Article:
Anything too geeky to post about elsewhere.
In my small countertop oven I'm using water-filled tuna cans to humidify the oven cavity. Each can has an inside diameter of 3 3/16", for a surface area of about 8 sq. in. of water. The cans are placed on the oven floor near the heating elements. The oven thermometer is a Taylor TruTemp. It has been tested and found accurate in boiling water.
With no water vessels in the oven and the temperature control set to maximum, the oven achieves a temperature of approximately 450 F.
With one water vessel (8 sq. in.) the temperature reaches approximately 425 F.
The Three Pointed Maze Bread Braid
From: "The Art of Braiding Bread"
I'm trying to make a reasonably authentic loaf of ancient egyptian bread, using 100% emmer wheat flour, and ancient Giza sourdough culture from Ed Wood's International Sourdough.
I've tried adapting a spelt sourdough recipe with little success, and I am now attempting to use this recipe [pdf].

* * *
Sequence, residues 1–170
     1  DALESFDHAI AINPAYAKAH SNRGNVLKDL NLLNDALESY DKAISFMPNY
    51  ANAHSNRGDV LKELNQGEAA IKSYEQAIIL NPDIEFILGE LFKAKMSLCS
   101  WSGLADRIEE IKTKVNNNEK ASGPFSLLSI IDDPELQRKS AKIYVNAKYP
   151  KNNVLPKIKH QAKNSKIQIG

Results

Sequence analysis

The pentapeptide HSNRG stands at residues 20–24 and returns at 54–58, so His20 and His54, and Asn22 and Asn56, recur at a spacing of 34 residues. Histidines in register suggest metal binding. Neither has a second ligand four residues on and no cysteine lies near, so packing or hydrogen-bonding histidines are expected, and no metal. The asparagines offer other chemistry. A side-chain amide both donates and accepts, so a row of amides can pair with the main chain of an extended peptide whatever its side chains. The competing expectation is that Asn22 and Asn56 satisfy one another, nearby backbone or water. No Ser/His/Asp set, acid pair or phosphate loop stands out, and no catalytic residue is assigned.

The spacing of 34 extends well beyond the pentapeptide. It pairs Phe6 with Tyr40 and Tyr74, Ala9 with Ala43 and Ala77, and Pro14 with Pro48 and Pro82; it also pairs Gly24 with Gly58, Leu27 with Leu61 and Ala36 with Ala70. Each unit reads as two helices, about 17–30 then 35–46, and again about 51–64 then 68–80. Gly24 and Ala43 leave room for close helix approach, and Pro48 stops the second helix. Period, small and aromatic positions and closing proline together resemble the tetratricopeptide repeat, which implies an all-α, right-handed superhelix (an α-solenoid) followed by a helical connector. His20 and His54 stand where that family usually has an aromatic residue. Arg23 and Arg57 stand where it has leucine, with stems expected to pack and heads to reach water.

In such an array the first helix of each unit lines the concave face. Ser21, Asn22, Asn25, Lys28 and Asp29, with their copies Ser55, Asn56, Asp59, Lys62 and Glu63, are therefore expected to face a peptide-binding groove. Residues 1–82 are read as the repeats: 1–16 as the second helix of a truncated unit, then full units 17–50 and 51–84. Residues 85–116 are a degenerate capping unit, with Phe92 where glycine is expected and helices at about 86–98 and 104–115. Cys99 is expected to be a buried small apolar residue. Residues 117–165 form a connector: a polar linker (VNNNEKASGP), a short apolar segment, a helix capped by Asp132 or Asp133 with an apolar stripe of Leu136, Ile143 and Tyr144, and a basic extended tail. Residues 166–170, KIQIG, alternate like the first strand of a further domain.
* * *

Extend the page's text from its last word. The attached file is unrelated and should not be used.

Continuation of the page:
I don't want this to turn into a debate about volume vs. weight measurements, thank you. It is strictly a math problem.
I have a measuring cup which is marked "240 ml". We know that 1 ml of water weighs 1 gram. I have a Jennings CJ4000 scale which I like. We also know that 1 U.S. nickel weighs 5 grams. On my scale, 20 U.S. nickels weigh 100 grams, so I'm satisfied that my scale is accurate.
I take my 240 ml measuring cup and fill it with water. I weigh it on the scale and it weighs 232 grams. My question is, how to state the error as a percentage?